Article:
By Jeanne Kay
I wish I could celebrate. I wish I could have called Bard College this week thanking them for their patience but telling them that I will never enroll, instead of simply deferring again. I wish I could have sent an email to my friends and family back home that said “The good news is that you’re invited again to my graduation ceremony in 2010. The bad news is, it’s still in Ohio.” I wish I could have let my yellow balloon escape, I wish the bell of main building had rung, I wish I could have gone back to being a normal student. I wish I could have felt relief.
Instead, I felt disappointed, betrayed, disillusioned, frustrated, bitter. And tired. I found myself, this weekend, in the situation I had found myself in last June—the I-love-Antioch-but-I-still-need-to-graduate dilemma.
“You’re the most pessimistic person on the whole campus ” Rowan Kaiser ‘05 told me. No, I’m just an Antioch student, and as an Antioch student I’ve learned to question authority, to re-examine, to deconstruct, not to trust structures, and not to believe in top-down processes. That is why, when I read the Agreement in Principle between the Alumni Board and the Board of Trustees, I cannot help but seriously question whether I am ever going to be able to graduate from Antioch College.
The suspension is lifted, yes. But the contradictions between the intended message: “we want to rejuvenate the college” and the content of the agreement in principle are such that one cannot but wonder whether the sacrifices undertook during the negotiations were worth it.
Let’s take the decision to “dim out operations”, for example. One might wonder how that is possible considering that we are already running at minimal operations with a student body of 200. Cutting student services? What student services? Room and Board? Electricity? Hot water?
Then there is the fact that we will apparently not be recruiting an entering class for the upcoming year. Considering that the graduating class for ‘08 is about as big as half the current student population, it means that when I come back next Fall, there’ll probably be less than one hundred students on campus. What is the course catalogue going to look like? What will breakfast in the Caf’ consist of? I don’t want to imagine. How will student morale, academic excellence, and intellectual exchange be maintained in these dimmed conditions?
Which brings us to the announced cuts in faculty and staff. At this point, cutting faculty is equivalent to closing down whole departments. What excuse will be given to students who cannot major in the area of their choice because their faculty advisor has been laid off, and their department consists merely of adjuncts? And is it not deceitful to make us current students stay today, in these circumstances?
And if we do, one day, start recruiting new students, how appealing will the “dimmed” version of Antioch be to them? Who will apply to an agonizing college, that could re-suspend operations at any time? And how will we recover from a downward spiral of declining enrolments, and bring in tuition money to the college?
Will donors flock to contribute to such an enterprise? How will they react to the mixed messages sent by the University, who one side claims good faith, but doesn’t wait a week before publicly deprecating our curriculum? What about promises of autonomy that have yet to be fulfilled, upon which pledges are conditional? The continued operations of the college are dependant on meeting very specific fundraising targets. Is it still reasonable to believe that these targets can be reached when the Agreement in Principle empowers not a powerful, independent, interim board of trustees, but Chancellor Toni Murdock, who has not only received a vote of non confidence from the faculty but from the entire college community in a referendum no later than last month?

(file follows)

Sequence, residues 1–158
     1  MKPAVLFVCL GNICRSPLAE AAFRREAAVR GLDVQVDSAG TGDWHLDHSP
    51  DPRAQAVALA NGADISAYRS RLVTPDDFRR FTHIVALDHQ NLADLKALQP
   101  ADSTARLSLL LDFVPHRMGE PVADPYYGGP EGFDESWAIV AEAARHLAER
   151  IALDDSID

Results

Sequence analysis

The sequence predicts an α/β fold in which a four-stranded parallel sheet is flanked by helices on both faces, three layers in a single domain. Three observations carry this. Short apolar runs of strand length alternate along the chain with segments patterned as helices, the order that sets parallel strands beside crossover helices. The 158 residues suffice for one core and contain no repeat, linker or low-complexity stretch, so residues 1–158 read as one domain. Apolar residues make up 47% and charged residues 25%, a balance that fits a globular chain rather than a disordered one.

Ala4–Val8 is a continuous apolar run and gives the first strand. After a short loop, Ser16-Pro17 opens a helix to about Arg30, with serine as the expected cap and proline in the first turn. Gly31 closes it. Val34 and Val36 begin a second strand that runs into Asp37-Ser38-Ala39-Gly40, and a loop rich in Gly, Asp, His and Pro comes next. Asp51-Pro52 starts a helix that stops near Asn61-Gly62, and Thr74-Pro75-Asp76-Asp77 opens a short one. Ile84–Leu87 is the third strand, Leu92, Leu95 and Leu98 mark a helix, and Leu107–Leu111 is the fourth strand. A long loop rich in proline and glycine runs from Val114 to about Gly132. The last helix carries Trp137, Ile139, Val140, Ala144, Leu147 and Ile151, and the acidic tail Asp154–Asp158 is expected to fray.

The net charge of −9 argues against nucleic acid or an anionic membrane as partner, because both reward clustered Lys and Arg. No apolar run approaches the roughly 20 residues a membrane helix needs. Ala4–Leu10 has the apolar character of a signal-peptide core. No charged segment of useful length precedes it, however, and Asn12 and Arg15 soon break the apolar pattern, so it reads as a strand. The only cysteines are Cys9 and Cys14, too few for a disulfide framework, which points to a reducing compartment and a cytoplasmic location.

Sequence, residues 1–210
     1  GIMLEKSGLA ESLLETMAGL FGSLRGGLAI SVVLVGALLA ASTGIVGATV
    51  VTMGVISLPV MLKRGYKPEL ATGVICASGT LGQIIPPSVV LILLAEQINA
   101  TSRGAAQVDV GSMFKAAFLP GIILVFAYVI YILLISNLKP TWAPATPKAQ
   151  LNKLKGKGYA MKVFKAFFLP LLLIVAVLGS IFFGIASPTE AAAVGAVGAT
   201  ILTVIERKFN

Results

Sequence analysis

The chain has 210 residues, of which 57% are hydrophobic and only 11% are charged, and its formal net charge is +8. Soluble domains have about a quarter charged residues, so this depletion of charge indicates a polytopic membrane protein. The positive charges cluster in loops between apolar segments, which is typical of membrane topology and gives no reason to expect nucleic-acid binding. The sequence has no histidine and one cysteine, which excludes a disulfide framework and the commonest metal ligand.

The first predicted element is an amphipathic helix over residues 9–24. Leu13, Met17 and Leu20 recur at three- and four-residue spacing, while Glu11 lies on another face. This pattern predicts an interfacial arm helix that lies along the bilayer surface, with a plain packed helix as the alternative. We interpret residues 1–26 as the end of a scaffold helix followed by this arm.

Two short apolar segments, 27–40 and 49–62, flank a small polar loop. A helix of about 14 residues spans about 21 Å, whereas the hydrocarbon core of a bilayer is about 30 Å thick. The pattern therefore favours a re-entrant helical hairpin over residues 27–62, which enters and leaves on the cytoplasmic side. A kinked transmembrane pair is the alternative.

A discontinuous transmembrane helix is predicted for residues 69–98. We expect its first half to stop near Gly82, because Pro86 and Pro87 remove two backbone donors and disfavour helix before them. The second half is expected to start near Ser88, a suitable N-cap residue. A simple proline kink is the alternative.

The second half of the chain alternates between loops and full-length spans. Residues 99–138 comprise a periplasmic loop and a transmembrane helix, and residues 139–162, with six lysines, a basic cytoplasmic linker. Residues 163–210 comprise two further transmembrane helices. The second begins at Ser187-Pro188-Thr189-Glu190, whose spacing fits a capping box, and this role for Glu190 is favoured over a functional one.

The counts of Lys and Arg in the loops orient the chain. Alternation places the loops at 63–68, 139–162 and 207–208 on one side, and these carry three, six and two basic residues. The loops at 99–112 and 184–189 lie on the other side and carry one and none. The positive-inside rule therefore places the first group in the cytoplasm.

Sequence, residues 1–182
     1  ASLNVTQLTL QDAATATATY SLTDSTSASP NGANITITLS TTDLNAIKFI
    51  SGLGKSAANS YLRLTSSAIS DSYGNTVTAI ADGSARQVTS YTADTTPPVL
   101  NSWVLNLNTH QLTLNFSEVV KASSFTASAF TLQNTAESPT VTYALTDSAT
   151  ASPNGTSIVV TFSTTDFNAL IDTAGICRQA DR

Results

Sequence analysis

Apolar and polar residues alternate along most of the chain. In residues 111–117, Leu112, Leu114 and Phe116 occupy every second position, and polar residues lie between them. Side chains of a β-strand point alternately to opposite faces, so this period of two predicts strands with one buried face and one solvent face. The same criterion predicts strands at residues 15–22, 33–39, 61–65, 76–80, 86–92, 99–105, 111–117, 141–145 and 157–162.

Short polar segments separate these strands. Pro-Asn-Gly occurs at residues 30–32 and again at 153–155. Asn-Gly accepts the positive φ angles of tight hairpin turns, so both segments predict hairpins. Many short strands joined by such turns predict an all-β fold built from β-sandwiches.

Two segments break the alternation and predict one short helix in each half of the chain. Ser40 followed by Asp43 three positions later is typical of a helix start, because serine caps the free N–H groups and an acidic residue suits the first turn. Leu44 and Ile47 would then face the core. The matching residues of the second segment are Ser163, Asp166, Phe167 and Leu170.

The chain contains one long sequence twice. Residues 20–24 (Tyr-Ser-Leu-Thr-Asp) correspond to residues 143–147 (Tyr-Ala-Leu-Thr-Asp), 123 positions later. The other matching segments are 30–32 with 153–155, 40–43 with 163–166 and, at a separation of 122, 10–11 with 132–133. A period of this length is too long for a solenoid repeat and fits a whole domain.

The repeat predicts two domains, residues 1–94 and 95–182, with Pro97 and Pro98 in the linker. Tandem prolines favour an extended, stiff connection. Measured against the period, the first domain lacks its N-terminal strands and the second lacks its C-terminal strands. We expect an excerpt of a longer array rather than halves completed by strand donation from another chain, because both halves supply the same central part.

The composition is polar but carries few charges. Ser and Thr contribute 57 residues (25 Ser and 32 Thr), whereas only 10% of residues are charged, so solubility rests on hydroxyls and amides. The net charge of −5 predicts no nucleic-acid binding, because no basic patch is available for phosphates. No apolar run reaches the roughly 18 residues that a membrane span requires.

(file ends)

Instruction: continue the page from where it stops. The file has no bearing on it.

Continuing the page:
The worst in all this, is that the University has done everything to protect itself from losing face, or being accountable in any way. Instead of having to explain to the media, to Higher Education, how they could possibly be dim-witted enough to reject the Alumni Board’s business plan, instead of having to explain to the world how they dare close down Antioch College, they have now crafted a system which absolves them of responsibility in case of failure.
In these circumstances, how can we not wonder whether we are being set up for failure? A long, p ainful death, with all the appearances of a natural one. “We tried; we cooperated. But it failed on the other end, on the end of the chaotic alumni, the stuck in the 60s faculty, the toxic students” That’s what the University will be able to say, and get away with it.
Yes, this is a pessimistic view. I also believe it is a realistic view of what could happen if the community doesn’t take action. But I am already seeing this happening. In true Antioch fashion, it has not taken us more than a few days and a couple glasses of Champagne to awaken to the gravity of the situation and to rise up, again, to the challenge. I am not the only one to feel exhausted, burned out, betrayed, angry. We all deserved to have the bell of North Tower ring, a real celebration, and to go back to delightful normalcy (if Antioch life could every be called that), to recover from the trauma of the past few months. But no, it is not over. The fight continues, and the community is empowering itself again, in AdCil, in Community Meeting, in the pages of this week’s Record, hopefully in alumni chapters all over the world and everywhere where our heart still throbs when we think of our time at Antioch College.